Vandalism in Tamil Nadu Assembly: Why this comes as no surprise

MK Stalin after ruckus in Tamil Nadu Assembly on February 18, 2017
Tamil Nadu Assembly on Saturday became witness to acts of violence and vandalism by elected representatives of the state’s people. And, worse, this was not the first time that the members of the state’s legislative Assembly resorted to actions beneath their office.

When a special session of the Assembly was convened on Saturday for the new chief minister, Edipaddi Palaniswami, to go through a floor test to prove his majority in the House, many expected an end to the political uncertainty in the state since the death of former chief minister J Jayalalithaa. However, what ensued were repeated instances of din as the two factions of the ruling All India Anna Dravida Munnetra Kazhagam (AIADMK), as well as members of the Opposition Dravida Munnetra Kazhagam (DMK), clashed.

Even as Palaniswami won the trust vote in the end, securing 122 votes against the required 116, this became possible only after the DMK lawmakers were evicted from the House.

Earlier in the day, the Assembly had to be adjourned twice, as MLAs created ruckus over the demand from the Congress, DMK and the O Panneerselvam-led AIADMK faction that a secret ballot be conducted. But Assembly Speaker P Dhanapal’s decision of not allowing this led to verbal and physical spats. The Speaker's table, as well as other furniture and microphones in the House, were damaged. Some reports also suggested that DMK MLAs heckled the Speaker and tore his shirt.

The Tamil Nadu Assembly is no stranger to such instances of violence and vandalism by lawmakers. When Dhanapal on Saturday ordered the marshals to escort the DMK MLAs out of the hall, many were reminded of a similar scene from the 1989 Budget session of the Tamil Nadu Assembly when Jayalalithaa had been heckled and pulled by her hair after an ugly fight.

Coming back to the present, Saturday’s floor test had come after a period of the intense political slugfest. Earlier, while CM O Panneerselvam, who was seen as a proxy to Jayalalithaa, demitted office, apparently to make way for her former confidante V K Sasikala, he returned a few days later to claim he had been pressured by Sasikala and a few party members to quit – against the last wishes of ‘Amma’ Jayalalithaa. Panneerselvam was then seen by many in the party as a rebel, even as he claimed that he and a handful of his supporters were trying to protect AIADMK from a “scheming” Sasikala.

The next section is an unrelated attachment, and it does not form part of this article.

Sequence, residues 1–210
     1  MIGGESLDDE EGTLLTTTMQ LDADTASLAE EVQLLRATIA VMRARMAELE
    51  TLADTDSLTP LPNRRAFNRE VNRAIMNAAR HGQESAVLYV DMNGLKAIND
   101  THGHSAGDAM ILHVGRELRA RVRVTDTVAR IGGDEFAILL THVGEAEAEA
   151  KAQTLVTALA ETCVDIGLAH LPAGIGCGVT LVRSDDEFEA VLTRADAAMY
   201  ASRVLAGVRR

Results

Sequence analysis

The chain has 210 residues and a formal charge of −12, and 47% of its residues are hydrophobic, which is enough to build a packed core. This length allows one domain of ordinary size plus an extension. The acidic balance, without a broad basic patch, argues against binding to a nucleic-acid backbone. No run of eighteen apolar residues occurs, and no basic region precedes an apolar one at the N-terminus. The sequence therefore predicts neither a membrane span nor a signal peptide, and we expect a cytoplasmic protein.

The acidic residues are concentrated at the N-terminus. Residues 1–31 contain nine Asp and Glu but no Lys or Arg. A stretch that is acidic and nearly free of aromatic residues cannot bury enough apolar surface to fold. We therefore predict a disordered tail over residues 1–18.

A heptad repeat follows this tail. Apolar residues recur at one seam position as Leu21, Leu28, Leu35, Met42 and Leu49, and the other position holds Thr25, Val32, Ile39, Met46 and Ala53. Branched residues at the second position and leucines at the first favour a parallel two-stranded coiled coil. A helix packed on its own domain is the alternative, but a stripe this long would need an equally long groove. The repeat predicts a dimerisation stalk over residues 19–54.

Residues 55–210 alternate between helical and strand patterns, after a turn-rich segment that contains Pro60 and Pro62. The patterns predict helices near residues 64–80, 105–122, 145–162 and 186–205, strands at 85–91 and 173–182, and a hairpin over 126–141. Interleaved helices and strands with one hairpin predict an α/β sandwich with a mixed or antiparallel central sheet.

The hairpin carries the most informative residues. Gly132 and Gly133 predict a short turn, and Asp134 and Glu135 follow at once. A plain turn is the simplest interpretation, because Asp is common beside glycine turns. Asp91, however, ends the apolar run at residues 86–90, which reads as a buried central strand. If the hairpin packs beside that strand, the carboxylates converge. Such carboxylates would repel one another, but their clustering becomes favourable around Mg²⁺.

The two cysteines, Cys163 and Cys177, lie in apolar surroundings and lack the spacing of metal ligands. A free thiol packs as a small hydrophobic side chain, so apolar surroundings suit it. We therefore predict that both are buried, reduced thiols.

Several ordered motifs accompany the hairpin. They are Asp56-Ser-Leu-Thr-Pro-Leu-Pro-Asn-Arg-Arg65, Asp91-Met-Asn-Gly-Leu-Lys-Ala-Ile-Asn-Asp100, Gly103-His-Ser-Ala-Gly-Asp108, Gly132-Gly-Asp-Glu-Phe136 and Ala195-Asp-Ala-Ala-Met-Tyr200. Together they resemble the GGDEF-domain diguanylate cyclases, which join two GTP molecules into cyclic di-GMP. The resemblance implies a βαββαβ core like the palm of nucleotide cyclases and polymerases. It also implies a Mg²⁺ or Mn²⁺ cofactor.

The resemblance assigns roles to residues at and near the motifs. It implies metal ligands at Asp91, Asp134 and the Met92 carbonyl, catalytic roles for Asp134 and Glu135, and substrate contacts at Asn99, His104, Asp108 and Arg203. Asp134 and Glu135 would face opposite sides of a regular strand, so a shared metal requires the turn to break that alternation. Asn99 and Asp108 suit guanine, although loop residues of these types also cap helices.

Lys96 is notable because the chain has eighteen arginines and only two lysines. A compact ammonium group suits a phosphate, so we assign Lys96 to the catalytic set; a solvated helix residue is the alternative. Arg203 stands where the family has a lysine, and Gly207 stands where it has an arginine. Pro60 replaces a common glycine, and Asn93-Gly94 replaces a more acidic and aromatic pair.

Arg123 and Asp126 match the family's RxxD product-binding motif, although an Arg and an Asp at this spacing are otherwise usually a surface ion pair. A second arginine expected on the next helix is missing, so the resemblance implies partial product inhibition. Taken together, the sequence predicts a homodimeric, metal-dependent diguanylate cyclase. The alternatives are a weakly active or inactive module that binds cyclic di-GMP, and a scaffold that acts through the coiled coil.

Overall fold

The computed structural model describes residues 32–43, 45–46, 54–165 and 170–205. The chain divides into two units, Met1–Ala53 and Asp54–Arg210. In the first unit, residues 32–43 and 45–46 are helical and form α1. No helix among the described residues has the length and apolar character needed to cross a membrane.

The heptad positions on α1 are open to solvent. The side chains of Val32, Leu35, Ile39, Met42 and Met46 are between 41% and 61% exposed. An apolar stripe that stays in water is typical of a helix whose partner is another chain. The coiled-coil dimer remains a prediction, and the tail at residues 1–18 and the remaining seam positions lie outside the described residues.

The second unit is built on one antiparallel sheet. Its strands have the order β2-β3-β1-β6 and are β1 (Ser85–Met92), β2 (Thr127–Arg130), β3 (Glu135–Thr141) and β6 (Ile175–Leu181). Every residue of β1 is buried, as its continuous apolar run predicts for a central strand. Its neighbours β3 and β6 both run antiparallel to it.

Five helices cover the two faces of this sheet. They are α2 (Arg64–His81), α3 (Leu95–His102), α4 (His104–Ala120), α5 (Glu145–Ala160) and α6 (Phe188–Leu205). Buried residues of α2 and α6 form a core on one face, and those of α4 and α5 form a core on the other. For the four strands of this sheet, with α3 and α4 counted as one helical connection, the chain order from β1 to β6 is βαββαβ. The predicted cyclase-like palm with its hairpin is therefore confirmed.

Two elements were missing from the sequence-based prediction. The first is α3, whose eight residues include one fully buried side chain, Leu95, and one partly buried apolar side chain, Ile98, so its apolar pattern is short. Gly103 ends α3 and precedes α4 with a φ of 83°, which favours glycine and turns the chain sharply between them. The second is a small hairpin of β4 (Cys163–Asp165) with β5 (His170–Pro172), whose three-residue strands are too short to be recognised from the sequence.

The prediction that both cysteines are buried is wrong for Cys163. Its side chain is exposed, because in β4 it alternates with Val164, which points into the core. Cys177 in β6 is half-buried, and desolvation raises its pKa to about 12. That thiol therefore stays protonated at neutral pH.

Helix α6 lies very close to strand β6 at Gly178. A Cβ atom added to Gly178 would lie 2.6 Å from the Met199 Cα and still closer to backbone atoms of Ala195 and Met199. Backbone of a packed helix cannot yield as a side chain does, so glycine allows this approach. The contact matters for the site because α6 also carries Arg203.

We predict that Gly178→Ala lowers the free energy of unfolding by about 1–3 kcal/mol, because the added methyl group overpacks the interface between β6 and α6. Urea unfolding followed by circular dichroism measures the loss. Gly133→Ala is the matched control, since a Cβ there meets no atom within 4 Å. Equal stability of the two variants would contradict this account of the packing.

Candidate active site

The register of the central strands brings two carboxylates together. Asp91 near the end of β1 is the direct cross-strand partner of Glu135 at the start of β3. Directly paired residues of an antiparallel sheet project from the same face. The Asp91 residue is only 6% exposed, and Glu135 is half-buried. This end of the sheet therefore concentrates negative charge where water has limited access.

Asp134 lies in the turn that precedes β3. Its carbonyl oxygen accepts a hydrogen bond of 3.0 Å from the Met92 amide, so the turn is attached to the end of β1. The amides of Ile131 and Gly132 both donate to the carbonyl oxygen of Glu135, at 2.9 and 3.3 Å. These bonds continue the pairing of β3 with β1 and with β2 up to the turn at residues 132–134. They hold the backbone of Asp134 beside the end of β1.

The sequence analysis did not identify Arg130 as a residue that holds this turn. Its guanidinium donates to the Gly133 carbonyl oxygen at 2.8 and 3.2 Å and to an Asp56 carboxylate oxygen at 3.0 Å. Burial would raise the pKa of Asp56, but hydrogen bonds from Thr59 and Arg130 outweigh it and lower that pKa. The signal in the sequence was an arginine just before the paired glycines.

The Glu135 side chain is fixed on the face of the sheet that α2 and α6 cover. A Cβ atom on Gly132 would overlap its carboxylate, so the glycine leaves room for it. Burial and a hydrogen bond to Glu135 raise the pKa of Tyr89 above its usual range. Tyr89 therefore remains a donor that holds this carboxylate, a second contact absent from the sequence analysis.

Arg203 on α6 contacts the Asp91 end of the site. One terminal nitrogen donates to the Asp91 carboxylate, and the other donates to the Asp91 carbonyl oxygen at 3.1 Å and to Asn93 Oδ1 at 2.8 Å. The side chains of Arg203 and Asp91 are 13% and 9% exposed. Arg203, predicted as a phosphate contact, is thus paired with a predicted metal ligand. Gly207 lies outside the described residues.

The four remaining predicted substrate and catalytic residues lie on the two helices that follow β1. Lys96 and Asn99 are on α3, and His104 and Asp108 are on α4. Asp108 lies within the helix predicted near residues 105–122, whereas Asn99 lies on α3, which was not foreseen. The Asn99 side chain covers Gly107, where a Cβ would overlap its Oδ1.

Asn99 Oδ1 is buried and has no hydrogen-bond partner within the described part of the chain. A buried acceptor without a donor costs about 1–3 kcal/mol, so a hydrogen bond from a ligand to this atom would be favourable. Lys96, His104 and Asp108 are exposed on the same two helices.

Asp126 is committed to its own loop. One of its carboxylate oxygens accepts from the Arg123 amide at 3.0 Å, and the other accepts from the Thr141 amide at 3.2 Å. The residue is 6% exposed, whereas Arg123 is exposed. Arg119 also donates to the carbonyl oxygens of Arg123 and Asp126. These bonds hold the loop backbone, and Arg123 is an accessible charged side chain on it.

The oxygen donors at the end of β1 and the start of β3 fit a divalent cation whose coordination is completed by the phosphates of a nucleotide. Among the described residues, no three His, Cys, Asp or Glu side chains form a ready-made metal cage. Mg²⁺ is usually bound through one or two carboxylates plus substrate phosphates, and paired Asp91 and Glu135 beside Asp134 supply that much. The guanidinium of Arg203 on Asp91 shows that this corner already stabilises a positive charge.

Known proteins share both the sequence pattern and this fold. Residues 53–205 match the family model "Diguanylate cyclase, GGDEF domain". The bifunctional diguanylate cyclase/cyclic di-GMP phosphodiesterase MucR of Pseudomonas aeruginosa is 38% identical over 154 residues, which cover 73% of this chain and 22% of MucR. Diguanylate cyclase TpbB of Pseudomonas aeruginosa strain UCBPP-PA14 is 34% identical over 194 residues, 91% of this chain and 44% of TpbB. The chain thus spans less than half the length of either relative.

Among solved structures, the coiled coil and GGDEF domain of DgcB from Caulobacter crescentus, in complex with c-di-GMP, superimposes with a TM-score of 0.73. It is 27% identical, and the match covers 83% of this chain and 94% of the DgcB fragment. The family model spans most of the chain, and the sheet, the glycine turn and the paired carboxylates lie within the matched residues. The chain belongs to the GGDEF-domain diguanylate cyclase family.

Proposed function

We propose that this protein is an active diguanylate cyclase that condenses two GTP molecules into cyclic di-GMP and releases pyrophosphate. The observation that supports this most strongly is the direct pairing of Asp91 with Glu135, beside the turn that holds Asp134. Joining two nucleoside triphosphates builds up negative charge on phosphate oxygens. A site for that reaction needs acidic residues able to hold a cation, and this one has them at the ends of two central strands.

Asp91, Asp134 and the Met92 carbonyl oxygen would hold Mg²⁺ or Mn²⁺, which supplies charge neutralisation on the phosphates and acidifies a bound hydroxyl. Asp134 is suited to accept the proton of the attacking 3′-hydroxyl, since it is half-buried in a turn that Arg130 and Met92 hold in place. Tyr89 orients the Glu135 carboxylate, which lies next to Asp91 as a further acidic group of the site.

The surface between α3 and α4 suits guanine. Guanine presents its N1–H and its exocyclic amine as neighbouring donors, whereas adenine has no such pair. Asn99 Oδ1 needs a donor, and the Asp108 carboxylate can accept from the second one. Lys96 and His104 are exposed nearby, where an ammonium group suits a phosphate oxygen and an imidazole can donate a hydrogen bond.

The party soon seemed split in two factions – one each led by Sasikala and Panneerselvam – and posturing by the two to wrest control of the party and state went on in full steam until the Supreme Court threw Sasikala out of contention by convicting her in a 20-year-old disproportionate asset case.

Now, with Sasikala back in jail and barred from contesting for any public office for 10 years, she did what she was expected by most to do – she installed her own proxy in Palaniswami, who would stake his claim to the chief minister’s chair.

On Thursday, Governor Vidyasagar Rao invited Palaniswami to take oath as the chief minister and gave him 15 days to prove his majority through a floor test. But, surprisingly, Palaniswami sought a special session of the Assembly within just two days. But as soon as the Assembly convened at 11 am, it became a stage for one of the most shameful acts for any democracy like India.

Embarrassing precedents

Saturday’s shocking scenes from the Tamil Nadu Assembly were not new – neither for the state nor for the country. There have been many such incidents in various Assemblies, as well as Parliament, considered sanctimonious temples of democracy.

Here is a quick look at some of the most infamous ruckuses from the past:

January 1988, Tamil Nadu Assembly:

As then AIADMK government in the state sought to prove its majority, with wife Janaki Ramachandran claiming the leadership of the party after MGR’s death, there was a riot in the Assembly. Though the government survived the vote, with some Congress MLAs resigning instead of voting against Ramachandran, the Rajiv Gandhi government at the Centre dismissed the state government labelling it unconstitutional, and imposed the President’s rule.

March 1989, Tamil Nadu Assembly:

A small verbal duel between MLAs of the AIADMK and the ruling DMK during the state’s Budget session turned into an ugly confrontation. The then AIADMK supremo Jayalalithaa’s saree was pulled and torn. After this incident, Jayalalithaa is believed to have sworn never to return to the Assembly, unless as the chief minister of the state. And, she did return in 1991 – as the CM.

October 1997, Uttar Pradesh Assembly:

As soon as the state Assembly met for a confidence vote for the then Kalyan Singh-led Bharatiya Janata Party (BJP) government, a ruckus took over the hall. Months of bitter disputes and differences between the Bahujan Samaj Party (BSP) and BJP – they had jointly formed the government in 1996 – took an ugly turn in the Assembly. Many pieces of furniture were damaged and MLAs threw microphones at one another; everything in the Assembly hall was left in shambles.

November 2009, Maharashtra Assembly:

When the Assembly convened after state elections, an MLA decided to take his oath of office in Hindi. The Raj Thackeray-led Maharashtra Navanirmana Samithi (MNS) objected to this and assaulted him. Four MNS MLAs were immediately suspended for 4 years.

February 2014, Parliament of India:

During the passage of the Telangana formation Bill in Parliament, the Congress MP from Vijayawada, Lagadapati Rajagopal — who was against division of Andhra Pradesh — fired pepper spray on his colleagues, with an intent to disrupt Parliament at any cost. The broadcast of Parliamentary proceeding was also blacked out. That day is considered one of the ugliest in the history of democratic India.

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